Public Values

What government can do in the first 30 days after the election

We have been vividly reminded that we need governments to act in the common good.

Larry Brownby Larry Brown, National Secretary-Treasurer of the National Union of Public and General Employees

These are difficult and uncertain times. Economies around the world are being buffeted by forces that have not yet fully played themselves out; the storm winds are still blowing strong.

One thing we can say with certainty is that the strange idea that governments should have no real role in the economy, that 'free markets' are the best solution for everything, is now effectively yesterday's news, an old fashioned and discredited notion.

We have been vividly reminded that we need governments to act in the common good, to be constructively involved in the economic life of the country. What does that mean? What should governments actually do?

In the medium term, we need to put in place everything from a modern, green, job rich economy to a national public child care system.

But we also need urgent action right now. So here's our own 30-day plan, starting on October 15th.


(1) Recall parliament to fix our employment insurance (EI) system so it will actually provide coverage for unemployed workers. Only a minority now qualify. Many jobs have been lost already, and there will be more jobs lost. Good coverage for unemployed workers makes sense morally and economically. If workers who lose their jobs don't receive any support, they will quit spending, making everything that much worse.

(2) Immediately implement an expansive program to build and repair our crumbling public buildings and public property. Our bridges are worn out; some have already collapsed. Our school buildings are run down. Our hospitals need repair. Our universities have roofs that leak. The work needs to be done; we need jobs for our workers; and we'll have to do this eventually anyway. All the money involved would be spent in our communities, which is how economies get rebuilt. Part of that spending on public buildings would involve environmental retrofits so energy costs and greenhouse gases will both decrease — a win/win/win proposition.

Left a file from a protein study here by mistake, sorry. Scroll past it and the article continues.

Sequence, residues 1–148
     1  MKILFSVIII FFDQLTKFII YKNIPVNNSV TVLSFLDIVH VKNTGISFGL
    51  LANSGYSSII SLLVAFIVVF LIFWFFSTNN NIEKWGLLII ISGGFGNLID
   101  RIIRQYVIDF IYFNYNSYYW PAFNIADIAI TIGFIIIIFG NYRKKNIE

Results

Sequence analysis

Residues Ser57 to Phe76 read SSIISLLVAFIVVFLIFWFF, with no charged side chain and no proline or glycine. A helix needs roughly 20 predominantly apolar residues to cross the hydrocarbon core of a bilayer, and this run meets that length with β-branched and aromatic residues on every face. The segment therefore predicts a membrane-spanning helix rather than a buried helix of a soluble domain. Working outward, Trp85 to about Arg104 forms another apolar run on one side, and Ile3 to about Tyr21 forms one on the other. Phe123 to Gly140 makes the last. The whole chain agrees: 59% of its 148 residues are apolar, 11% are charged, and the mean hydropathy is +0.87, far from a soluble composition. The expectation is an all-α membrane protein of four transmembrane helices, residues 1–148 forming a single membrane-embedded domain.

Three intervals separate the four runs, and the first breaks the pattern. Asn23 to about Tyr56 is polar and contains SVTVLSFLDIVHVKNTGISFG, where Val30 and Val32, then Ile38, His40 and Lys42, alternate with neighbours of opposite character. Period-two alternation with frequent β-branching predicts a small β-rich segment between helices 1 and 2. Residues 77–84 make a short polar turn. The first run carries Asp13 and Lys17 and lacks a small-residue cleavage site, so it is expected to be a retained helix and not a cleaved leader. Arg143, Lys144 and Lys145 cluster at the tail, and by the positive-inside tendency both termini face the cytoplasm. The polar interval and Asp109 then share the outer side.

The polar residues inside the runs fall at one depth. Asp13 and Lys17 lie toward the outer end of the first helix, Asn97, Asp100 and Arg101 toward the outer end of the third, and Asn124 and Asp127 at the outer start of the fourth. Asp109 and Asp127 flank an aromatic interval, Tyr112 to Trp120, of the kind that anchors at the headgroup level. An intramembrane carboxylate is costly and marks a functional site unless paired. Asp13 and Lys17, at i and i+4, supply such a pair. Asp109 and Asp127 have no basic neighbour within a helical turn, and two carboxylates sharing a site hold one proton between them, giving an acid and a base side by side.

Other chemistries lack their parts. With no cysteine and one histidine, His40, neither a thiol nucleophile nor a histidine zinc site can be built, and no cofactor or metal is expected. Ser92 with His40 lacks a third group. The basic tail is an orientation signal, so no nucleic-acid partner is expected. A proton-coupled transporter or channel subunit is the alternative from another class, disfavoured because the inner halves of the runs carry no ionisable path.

(3) Make it clear from Day One that not a single nickel will be spent bailing out a single company unless we as taxpayers get an ownership stake in the company that corresponds with our investment share — no more public money to prop up private profit or reward private greed.

(4) Put an immediate end to any expansion of so-called free trade deals. The 'free market, free trade' mantra got us into this mess. Trade deals always limit the ability of our government to govern on behalf of its citizens; they favour corporate interests above all else. We are being hit so hard by the US meltdown because of NAFTA, which ties our economies together and makes it impossible for our government to insulate us. We should also put an immediate end to the 'free trade' deal with the murderous regime in Colombia — and enter no new 'free trade' deal with the EU. We can get back to renegotiating NAFTA later. Let's move on to fair trade and leave this 'free trade' era behind.

(5) Excessive CEO compensation must be ended. It isn't just legalized theft and legitimized corruption, although it is both of those. Every dollar that goes to a CEO is a dollar that isn't going into a worker's pay cheque, that isn't going into investment in new plants or better equipment, that isn't going to shareholders. How to fix it? Tax it all back. Tax the companies that grant absurd stock options. Tax back any corporate salary above an agreed upon standard that rewards CEO's for bad decisions.

(6) Governments need to bulk up, starting now. They will be called upon to deliver public services on an urgent basis. Government employment is good for the economy; we need good jobs. Money spent this way stays in our communities and for every government job there will be a spin-off of 2.5 other jobs created. But there's more. Our public services are facing a critical loss of employees as huge numbers reach retirement age. We could lose 50 percent or more of our public sector workforce over the next decade. We're going to need lots of new public employees. Let's relieve the pressure by beginning now to do the hiring that we'll very shortly have to do anyway.